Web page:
The Kilkenny courthouse, also known as Grace’s Castle or Grace’s Courthouse, held the witch trial in 1324 against Alice Kyteler and acquaintances, and today is a major tourist attraction in Kilkenny. Although there was much opposition to Bishop Ledrede’s arrest requests, Ledrede did succeed in bringing William Outlaw and Alice’s maid, Petronilla de Midia, to trial. It was almost unheard of for the state courts to offend and criticize a church official as Roger Outlaw and Arnold le Poer did, and the high court in Dublin ultimately allowed the Bishop to proceed with his trial. Alice Kyteler however fled from Ireland, most likely to England or Flanders as historians suspect, and was never heard from again. The Dublin high court officials travelled to Kilkenny where the trials were to take place. Le Poer, the king’s chancellor, stayed at William Outlaw’s house while in Kilkenny until Ledrede’s formal accusation of heresy and arrest of William.
While imprisoned in the Kikenny courthouse, William Outlaw and Petronilla de Midia were exposed to the papal decree’s inquisitorial procedure. Torture was sanctioned in the Church’s decree, and Bishop Ledrede used this to his advantage to gain confessions from the accused. Torture was not a legal means of extracting confessions under state laws, and Ledrede abused his ecclesiastical power and used torture in the trials regardless of this. He ordered Petronilla be whipped 6 times, yet even after receiving this punishment she was still burned at the stake. William Outlaw on the other hand was able to reduce his sentence of imprisonment to penance with the help of his influential friends.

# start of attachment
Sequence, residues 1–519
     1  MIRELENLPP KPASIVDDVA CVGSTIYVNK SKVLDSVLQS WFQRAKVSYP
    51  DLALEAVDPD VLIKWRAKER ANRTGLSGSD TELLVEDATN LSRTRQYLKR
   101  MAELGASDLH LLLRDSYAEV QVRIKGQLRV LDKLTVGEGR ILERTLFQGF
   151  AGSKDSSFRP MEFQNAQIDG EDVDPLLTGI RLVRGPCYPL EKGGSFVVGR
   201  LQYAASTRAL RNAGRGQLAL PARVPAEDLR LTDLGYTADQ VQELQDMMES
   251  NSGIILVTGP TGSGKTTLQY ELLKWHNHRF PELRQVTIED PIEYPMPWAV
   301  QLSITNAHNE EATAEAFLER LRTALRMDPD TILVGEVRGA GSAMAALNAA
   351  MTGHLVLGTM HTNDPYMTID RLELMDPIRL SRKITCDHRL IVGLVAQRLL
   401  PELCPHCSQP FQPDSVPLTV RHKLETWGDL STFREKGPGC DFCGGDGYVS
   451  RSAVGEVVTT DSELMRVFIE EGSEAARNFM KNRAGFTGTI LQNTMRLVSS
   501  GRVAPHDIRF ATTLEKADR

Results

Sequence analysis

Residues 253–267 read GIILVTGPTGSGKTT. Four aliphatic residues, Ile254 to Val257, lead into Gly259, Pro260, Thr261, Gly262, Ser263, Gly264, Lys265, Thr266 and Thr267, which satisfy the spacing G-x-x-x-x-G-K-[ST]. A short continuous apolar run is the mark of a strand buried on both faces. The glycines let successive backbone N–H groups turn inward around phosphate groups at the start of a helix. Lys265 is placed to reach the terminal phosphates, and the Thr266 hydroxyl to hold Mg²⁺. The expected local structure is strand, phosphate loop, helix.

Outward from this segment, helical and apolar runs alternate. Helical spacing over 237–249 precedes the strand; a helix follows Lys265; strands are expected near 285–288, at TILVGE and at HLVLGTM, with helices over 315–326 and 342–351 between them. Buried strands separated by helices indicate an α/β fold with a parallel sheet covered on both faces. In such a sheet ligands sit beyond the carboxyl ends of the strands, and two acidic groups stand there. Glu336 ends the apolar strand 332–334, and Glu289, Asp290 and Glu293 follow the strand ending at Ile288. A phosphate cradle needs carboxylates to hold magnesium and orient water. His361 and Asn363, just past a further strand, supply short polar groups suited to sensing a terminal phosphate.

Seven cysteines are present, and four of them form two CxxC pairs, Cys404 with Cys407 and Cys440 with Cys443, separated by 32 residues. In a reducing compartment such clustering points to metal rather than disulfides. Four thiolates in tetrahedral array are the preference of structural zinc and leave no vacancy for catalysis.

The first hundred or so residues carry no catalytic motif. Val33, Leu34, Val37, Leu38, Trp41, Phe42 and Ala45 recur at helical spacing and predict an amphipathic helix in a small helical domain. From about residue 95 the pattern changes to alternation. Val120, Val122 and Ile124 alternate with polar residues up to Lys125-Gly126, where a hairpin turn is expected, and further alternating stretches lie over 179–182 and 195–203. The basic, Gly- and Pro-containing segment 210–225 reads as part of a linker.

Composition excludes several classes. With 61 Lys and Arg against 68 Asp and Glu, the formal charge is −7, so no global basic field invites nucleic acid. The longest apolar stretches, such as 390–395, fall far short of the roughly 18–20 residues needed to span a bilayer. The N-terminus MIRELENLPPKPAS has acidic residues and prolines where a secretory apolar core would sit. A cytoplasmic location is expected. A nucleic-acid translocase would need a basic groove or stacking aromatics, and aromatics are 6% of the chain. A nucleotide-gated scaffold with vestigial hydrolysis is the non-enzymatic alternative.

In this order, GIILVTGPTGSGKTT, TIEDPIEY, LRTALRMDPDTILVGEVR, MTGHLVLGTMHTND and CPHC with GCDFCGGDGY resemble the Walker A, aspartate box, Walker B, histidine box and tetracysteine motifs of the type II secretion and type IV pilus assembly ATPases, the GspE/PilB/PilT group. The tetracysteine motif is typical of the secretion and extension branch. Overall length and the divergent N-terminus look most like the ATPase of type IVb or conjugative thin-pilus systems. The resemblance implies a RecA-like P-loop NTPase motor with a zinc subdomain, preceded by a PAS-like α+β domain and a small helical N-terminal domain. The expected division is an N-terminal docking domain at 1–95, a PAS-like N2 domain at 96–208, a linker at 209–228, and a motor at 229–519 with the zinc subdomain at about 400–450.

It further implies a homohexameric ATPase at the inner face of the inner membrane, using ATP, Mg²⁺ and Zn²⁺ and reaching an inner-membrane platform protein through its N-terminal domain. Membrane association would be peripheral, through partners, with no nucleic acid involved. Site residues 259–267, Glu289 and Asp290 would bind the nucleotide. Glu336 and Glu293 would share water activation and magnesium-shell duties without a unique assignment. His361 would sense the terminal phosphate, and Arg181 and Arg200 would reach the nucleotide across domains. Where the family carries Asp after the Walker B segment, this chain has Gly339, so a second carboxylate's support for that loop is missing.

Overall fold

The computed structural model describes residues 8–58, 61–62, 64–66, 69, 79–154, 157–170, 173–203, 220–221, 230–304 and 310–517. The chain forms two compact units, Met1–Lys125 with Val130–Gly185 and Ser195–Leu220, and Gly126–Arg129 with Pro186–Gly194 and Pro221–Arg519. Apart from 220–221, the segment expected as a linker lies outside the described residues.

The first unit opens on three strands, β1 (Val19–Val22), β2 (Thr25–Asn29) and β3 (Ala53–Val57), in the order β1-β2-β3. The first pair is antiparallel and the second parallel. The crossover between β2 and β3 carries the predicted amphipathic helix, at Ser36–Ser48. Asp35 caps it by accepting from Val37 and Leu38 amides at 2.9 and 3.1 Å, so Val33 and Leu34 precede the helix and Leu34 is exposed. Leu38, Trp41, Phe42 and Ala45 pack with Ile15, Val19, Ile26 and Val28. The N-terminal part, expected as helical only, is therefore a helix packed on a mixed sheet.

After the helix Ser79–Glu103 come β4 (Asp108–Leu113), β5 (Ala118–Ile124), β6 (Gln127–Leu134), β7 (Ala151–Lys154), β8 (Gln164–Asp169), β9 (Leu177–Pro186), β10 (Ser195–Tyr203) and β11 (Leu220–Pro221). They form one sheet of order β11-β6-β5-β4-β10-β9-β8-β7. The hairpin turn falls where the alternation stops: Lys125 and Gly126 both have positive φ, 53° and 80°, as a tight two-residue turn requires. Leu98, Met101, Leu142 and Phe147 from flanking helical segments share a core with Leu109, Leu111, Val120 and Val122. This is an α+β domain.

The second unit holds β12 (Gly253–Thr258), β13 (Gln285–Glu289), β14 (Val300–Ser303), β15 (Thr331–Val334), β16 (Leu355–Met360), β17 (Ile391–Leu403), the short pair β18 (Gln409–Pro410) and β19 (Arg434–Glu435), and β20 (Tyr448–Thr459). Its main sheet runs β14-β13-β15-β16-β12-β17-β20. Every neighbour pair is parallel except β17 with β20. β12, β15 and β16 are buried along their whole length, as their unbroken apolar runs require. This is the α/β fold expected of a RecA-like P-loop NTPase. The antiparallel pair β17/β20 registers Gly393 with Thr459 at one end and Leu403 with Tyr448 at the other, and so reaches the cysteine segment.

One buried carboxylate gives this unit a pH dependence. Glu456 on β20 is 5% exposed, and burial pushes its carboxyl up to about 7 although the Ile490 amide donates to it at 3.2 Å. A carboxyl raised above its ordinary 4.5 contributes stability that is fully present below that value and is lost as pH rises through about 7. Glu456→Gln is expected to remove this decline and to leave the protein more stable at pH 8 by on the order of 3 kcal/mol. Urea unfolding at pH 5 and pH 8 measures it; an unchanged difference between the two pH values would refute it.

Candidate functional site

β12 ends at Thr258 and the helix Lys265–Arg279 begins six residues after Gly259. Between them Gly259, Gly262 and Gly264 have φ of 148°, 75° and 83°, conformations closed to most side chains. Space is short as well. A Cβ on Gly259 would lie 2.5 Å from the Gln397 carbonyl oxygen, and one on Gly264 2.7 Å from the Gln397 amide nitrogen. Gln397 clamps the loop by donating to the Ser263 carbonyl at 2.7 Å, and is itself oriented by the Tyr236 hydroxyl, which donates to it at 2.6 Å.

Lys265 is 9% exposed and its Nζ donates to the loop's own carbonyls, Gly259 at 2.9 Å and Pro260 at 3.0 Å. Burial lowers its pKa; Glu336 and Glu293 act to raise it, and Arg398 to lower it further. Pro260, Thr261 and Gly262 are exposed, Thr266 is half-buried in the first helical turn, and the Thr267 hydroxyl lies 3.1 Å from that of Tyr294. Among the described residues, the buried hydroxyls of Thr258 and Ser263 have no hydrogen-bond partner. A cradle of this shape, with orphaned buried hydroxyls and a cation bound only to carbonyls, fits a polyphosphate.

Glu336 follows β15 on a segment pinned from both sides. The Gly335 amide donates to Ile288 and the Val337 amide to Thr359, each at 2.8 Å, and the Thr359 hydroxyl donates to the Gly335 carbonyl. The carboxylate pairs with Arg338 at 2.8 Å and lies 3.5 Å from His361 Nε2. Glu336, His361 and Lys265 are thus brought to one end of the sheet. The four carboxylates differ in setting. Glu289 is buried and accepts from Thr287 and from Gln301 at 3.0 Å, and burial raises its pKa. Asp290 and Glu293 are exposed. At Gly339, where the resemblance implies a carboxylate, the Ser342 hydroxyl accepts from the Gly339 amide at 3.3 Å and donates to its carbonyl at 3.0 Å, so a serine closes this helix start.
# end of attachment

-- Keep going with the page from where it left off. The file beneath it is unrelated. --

The outcome of this trial reveals just how unjust the court systems at this time really were. Although torture was not a legal inquisitorial method in the secular courts, it was considered lawful in the ecclesiastical courts. Because both courts came together for the crime of witchcraft Ledrede was able to trump the secular officials in his sentencing, although the exact reasoning for this is unknown and Ledrede never provided an explanation for why he chose to solely punish Petronilla so harshly. A Kilkenny reporter of the time, John Clyn, said that, “it was neither seen nor heard of that anyone suffered the death penalty for heresy in Ireland”. The exceptionality of this case as draws tourists to the Kilkenny courthouse.
Riddell, William Renwick. “The First Execution for Witchcraft in Ireland.” Journal of the American Institute of Criminal Law and Crimology 7 (1917): 828. accessed October 31, 2014. doi:10.2307/1133665.
Williams, Bernadette. “The Sorcery Trial of Alice Kyteler.” History Ireland 2 (1994): 21. Accessed October 31, 2014. url: http://www.jstor.org/stable/27724208.
VisitKilkenny. “Grace’s Courthouse.” http://visitkilkenny.ie/graces_courthouse. Accessed December 11, 2014.
Images: http://new.keepkilkennybeautiful.com/?tag=courthouse, http://www.kilkennypeople.ie/news/kilkenny-news/courthouse-gaol-could-be-new-medieval-mile-attraction-1-5588993